O Komail, knowledge is a belief that is believed in. With it, man acquires obedience during his life and a good fame after his death. Knowledge is a ruler while wealth is a ruled subject.
O Komail, those who amass wealth are dead even though they may live long, while those endowed with knowledge will remain as long as the world lives. Their bodies are not available, but their figures exist in the hearts. Look, here is a heap of knowledge (Ameerul Mo’minin pointed to his bosom).”41
The pious keep their hearings on listening to such worthy words and not to nonsense and idle talks, such as backbiting, lies, singing, unlawful music, indecencies, and the like.
2- They behave in the times of trials and calamities as they behave in the times of ease and comfort. That is to say they give in to what God has destined for them in a way that ease and hardship are alike for them. Happiness and unhappiness, straitness and comfort, distress and blessing are equal for them. Their state in trial is the same as in comfort. Was it not for the appointed time fixed by God, their soul would leave their body in a twinkling of an eye out of eagerness for reward and fear of punishment.42
God Almighty says the same: “Say: Nothing will afflict us save what Allah has ordained for us; He is our patron; and on Allah let the believers rely.”43
God says: “Say: Who is it that can withhold you from Allah if He intends to do you evil, or intends to show you mercy? And they will not find for themselves besides Allah any guardian or a helper.”44
In another verses, God says: “Or, Who answers the distressed one when he calls upon Him and removes the evil?”45
Imam Sadiq (AS) has been reported as saying: “To be pleased with the hardships destined by the fate is the highest degree of certainty.”46
Imam Sadiq (AS) has also said: “Surely Allah has placed delight and happiness in conviction and contentment because of His justice, wisdom and knowledge, and He has placed sorrows in doubt. Therefore, be pleased with (what) Allah (determines) and submit to His order.”47
Following the battles fought by the Holy Prophet (SAW), some people claimed to have faith. When the Holy Prophet (SAW) asked who they were, they said: “We are believers, O Messenger of Allah!” The Holy Prophet said: “What is the degree of your faith?” They said: “Patience in trials, gratefulness in straitness, and contentment with the divine fate.” The Holy Prophet (SAW) said: “They are forbearing and scholars. Because of jurisprudence, they were about to be prophets… Therefore, do not build what you cannot dwell in. Do not gather what you cannot eat. Observe ‘Taqwa’, for you will return to Him.”48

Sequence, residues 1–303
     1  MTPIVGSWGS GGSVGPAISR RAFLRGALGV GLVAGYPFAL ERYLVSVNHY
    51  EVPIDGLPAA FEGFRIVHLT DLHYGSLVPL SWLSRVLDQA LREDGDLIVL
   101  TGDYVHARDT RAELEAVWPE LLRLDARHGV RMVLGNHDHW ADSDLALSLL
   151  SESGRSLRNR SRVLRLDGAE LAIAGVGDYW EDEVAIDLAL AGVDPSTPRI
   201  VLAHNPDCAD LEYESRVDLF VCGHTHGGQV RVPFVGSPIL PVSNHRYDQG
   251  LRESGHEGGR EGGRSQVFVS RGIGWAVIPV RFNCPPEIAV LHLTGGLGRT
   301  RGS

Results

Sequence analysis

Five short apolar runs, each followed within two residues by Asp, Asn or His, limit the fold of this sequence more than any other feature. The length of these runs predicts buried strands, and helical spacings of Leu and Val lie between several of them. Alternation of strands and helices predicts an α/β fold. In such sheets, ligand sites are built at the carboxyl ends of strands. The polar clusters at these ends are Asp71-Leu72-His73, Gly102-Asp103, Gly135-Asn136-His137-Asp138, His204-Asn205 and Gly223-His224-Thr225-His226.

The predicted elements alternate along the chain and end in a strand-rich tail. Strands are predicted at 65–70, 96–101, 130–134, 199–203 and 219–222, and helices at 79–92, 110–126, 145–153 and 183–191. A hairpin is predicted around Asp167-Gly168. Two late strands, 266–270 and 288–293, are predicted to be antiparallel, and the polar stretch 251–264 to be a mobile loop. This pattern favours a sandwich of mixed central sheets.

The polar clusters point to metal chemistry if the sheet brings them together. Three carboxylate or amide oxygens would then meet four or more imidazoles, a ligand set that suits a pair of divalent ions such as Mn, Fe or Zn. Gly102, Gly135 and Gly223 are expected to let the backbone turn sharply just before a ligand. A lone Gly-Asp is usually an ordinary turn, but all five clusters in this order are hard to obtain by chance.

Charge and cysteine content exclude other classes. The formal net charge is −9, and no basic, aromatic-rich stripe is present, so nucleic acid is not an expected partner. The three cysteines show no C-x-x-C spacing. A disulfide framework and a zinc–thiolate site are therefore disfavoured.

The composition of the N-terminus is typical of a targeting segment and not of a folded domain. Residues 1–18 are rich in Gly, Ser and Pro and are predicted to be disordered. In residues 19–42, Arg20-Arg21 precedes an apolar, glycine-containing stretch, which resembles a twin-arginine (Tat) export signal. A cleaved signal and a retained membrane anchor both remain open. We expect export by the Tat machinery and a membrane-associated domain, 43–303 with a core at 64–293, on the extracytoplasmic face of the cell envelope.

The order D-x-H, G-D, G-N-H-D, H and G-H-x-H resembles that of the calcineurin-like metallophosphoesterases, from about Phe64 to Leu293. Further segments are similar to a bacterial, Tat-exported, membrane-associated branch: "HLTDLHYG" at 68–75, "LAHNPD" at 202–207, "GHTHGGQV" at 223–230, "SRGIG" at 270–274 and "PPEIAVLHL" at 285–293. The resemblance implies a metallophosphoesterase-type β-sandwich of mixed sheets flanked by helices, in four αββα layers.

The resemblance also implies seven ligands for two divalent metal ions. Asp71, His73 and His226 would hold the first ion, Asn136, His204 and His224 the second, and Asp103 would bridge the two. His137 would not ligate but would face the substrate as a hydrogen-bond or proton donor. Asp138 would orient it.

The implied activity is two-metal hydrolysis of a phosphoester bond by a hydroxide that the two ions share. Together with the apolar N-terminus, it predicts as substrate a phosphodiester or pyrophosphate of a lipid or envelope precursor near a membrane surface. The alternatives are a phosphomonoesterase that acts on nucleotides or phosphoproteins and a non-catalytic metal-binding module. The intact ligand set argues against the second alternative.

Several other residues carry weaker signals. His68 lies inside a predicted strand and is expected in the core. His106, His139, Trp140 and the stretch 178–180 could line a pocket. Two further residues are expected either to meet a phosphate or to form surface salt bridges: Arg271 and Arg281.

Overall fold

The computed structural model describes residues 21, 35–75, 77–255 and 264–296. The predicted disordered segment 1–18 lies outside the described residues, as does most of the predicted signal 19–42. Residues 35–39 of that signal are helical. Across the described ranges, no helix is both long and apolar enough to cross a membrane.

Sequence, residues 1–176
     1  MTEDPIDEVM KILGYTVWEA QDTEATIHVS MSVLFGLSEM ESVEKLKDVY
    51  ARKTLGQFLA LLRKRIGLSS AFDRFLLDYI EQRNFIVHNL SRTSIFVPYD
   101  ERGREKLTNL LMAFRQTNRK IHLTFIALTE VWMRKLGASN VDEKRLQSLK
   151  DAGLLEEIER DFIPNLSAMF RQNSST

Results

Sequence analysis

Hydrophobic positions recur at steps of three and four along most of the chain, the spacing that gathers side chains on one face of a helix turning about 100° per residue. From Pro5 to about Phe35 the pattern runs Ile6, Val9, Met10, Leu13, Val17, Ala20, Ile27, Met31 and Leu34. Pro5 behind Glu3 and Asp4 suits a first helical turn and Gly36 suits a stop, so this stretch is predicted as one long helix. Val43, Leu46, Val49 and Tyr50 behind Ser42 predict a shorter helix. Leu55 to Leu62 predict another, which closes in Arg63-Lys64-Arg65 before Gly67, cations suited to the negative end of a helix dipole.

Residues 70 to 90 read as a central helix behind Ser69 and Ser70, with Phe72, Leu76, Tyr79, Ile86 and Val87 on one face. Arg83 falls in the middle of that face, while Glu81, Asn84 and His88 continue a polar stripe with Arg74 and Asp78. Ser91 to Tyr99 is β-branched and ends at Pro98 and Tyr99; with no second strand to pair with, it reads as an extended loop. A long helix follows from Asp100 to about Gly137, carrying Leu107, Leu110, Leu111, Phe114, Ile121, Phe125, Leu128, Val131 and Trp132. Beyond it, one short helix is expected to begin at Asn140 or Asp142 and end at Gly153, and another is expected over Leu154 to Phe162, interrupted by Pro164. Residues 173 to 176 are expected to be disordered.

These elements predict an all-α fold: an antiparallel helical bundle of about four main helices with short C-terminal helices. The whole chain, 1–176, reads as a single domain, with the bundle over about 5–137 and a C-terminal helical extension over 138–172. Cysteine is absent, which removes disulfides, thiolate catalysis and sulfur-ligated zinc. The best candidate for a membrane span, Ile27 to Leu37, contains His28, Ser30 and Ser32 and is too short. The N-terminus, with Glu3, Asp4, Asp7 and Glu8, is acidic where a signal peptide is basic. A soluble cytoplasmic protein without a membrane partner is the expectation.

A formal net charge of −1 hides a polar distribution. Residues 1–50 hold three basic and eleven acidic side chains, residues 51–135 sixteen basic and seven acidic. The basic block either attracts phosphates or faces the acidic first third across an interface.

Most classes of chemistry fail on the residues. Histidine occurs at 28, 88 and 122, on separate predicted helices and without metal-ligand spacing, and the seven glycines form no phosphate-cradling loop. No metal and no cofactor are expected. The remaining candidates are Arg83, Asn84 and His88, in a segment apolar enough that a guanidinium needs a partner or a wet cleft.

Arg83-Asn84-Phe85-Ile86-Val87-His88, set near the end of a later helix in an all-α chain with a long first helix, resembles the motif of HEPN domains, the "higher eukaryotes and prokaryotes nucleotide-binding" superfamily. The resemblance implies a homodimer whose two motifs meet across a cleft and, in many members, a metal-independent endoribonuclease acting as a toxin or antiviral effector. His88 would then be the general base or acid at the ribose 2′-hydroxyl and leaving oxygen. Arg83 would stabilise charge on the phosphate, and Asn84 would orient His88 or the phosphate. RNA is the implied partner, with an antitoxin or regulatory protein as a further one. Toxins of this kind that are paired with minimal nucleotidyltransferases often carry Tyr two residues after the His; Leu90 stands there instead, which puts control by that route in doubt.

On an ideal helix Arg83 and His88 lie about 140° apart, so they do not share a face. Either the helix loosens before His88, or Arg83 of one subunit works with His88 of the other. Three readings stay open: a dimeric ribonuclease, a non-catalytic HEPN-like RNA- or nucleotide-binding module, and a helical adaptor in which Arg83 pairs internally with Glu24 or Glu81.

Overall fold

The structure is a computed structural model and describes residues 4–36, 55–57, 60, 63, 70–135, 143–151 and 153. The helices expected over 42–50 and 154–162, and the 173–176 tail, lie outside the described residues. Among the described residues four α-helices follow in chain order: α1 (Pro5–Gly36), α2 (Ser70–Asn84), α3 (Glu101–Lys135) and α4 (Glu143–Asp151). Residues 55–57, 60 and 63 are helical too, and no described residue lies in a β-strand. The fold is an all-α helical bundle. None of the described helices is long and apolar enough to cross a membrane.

Imam Ali (AS) has said: “There are four pillars for faith: Relying on God, entrusting the affairs to Him, being content with the divine fate, and submitting to His will.”49
A companion of Imam Sadiq (AS) called Fodhail ibn Yasar, who had become very lean because of an ailment, was asked by the Imam: “Why are you weeping?” He said: “Why should I not while I see you in this condition?” The Imam said: Do not weep. A believer looks for every good, even if his limbs are cut off. If he owns what is there between the east and the west, it is good for him.”50
The Imam has also said: “If a believer knows that he is rewarded in calamities, he will wish his limbs to be cut off with scissors.”51
It is related that one day Jabir ibn Abdullah al-Ansari came to visit Imam Baqir (AS). He was then old and feeble. He said: “I am in a state that I prefer old age to youth, ailment to health and death to life.” The Imam said: “If God makes me old, I like old age, if He makes me young, I like youth, if He makes me sick, I like sickness, if He cures me, I like cure, if He makes me die, I like death, and if He keeps me alive, I like life.”
- 1. Qur'an, 16:128.
- 2. Nahj al-Balaghah, vol. 1, p. 602
- 3. Qur'an, 31:19.
- 4. Safeenat al-Bihar, vol. 2, p. 431
- 5. Safeenat al-Bihar, vol. 2, p. 113.
- 6. Qur'an, 6:141.
- 7. Qur'an, 17:27, 29.
- 8. Bihar al-Anwar, vol. 72, p. 302.
- 9. Qur'an, 17:26.
- 10. Bihar al-Anwar, vol. 72, p. 302.
- 11. Ibid., p. 303.
- 12. Bihar al-Anwar, vol. 72, p. 303
- 13. Helayat al-Mottaqin
- 14. Bihar al-Anwar, vol. 72, p. 304
- 15. Bihar al-Anwar, vol. 72, p. 120
- 16. Qur'an, 2:206.
- 17. Qur'an, 31:18.
- 18. Qur'an, 17:37.
- 19. Qur'an, 5:54.
- 20. Bihar al-Anwar, vol. 72, p. 133.
- 21. Bihar al-Anwar, vol. 72, p. 117.
- 22. Ibid., p. 119.
- 23. Bihar al-Anwar, vol. 72, p. 129.
- 24. Ibid.
- 25. Ibid., p. 135.
- 26. Hammam Sermon
- 27. Qur'an, 24:30-31.
- 28. Mostadrak, vol. 2, p. 554.
- 29. Ibid.
- 30. Ibid.
- 31. Minhaj al-Bara’ah, vol. 6, p. 6.
- 32. Qur'an, 39:9.
- 33. Qur'an, 9:122.
- 34. Qur'an, 7:32.
- 35. Qur'an, 96:5.
- 36. Qur'an, 20:114.
- 37. Bihar al-Anwar, vol. 1, p. 164.
- 38. Bihar al-Anwar, vol. 1, p. 164.
- 39. Ibid., p. 172.
- 40. Ibid.
- 41. Nahj al-Balaghah, p. 1144.
- 42. Hammam Sermon.
- 43. Qur'an, 9:51.
- 44. Qur'an, 33:17.
- 45. Qur'an, 27:62.
- 46. Bihar al-Anwar, vol. 68, p. 152.
- 47. Ibid.
- 48. Ibid.
- 49. Ibid, p. 153.
- 50. Ibid., p. 159.
- 51. Bihar al-Anwar, vol. 68, p. 160.